Clinicians' lived experiences working with unaccompanied immigrant children


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A dissertation Submitted in Partial Fulfillment of the Requirements for the Degree of DOCTOR OF PHILOSOPHY in COUNSELOR EDUCATION from Texas A&M University-Corpus Christi in Corpus Christi, Texas.
There has been an influx of unaccompanied immigrant children fleeing to the U.S. due to gang violence, abuse, and extortion (U.S. Department of Homeland Security, 2014) and more children are expected to come. The Office of Refugee Resettlement, a federal agency, provides care for these children. Furthermore, these children have an overwhelming need of mental health services because of the trauma they have endured in their home countries. There is a dearth of information regarding lived experiences of clinicians’ practices in providing mental health services to unaccompanied immigrant children. The focus of this study was to explore clinicians’ experiences working with unaccompanied immigrant children utilizing a qualitative heuristic research design. The grand tour questions consisted of (a) What are the lived experiences of clinicians providing mental health services to unaccompanied immigrant children?, and (b) In what ways, if any, have the experiences of working with unaccompanied immigrant children impacted clinicians? Seven participants agreed to take part in the study and to provide interviews. I used a heuristic methodology to collect and analyze data. Six core themes emerged as being central to clinicians’ experiences working with unaccompanied immigrant children: rewarding experiences, professional and personal development, burnout, potential pre-cursors to vicarious trauma, culture, and therapeutic relationship. There are several aspects to consider in terms of recommendations for future research and practice. There is a clear need for more research about unaccompanied minor children, counselors who work with them, and effective intervention approaches. This study may offer insight to counselors and counselor educators in terms of supervision and counselor training. The results of this study indicate counselors working with unaccompanied immigrant children, as with other populations who have experienced trauma, are susceptible to risk factors that could lead to vicarious trauma and burnout if unaddressed. Furthermore, counselor educators might begin to integrate this population into the curricula of counselor training programs in an effort to promote multicultural competency among counselors in training.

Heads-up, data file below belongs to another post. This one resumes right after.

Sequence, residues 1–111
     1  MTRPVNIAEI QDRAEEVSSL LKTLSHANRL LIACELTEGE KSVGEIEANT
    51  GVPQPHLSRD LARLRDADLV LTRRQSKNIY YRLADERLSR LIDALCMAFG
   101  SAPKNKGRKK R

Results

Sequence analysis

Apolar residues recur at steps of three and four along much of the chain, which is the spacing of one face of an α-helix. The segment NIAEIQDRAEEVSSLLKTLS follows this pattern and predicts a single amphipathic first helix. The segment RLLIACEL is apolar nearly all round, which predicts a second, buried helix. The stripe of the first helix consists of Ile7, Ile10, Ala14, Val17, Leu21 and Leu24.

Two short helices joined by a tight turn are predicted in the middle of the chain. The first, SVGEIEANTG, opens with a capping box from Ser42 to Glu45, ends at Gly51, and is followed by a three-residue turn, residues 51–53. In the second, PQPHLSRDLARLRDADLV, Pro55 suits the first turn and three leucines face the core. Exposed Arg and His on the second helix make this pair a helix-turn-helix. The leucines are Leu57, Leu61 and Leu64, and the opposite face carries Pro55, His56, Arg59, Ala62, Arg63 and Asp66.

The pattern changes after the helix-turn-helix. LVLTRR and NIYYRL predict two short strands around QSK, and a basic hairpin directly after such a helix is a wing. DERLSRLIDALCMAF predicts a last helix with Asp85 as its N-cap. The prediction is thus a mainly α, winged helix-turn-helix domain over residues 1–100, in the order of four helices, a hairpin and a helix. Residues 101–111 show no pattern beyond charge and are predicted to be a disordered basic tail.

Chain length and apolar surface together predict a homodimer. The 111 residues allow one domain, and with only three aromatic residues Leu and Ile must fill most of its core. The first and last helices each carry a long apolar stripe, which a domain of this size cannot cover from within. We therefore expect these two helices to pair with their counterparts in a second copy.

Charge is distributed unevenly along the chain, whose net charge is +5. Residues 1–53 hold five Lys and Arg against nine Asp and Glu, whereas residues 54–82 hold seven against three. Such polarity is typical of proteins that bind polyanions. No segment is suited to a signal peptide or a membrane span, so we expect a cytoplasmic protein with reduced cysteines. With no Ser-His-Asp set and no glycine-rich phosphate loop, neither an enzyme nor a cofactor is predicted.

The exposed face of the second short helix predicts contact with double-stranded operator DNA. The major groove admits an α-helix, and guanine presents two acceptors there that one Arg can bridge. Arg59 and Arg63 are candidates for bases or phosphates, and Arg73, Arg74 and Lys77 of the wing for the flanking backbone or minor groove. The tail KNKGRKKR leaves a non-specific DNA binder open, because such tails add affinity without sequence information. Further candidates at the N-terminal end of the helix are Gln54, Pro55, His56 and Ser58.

Counseling & Educational Psychology
College of Education and Human Development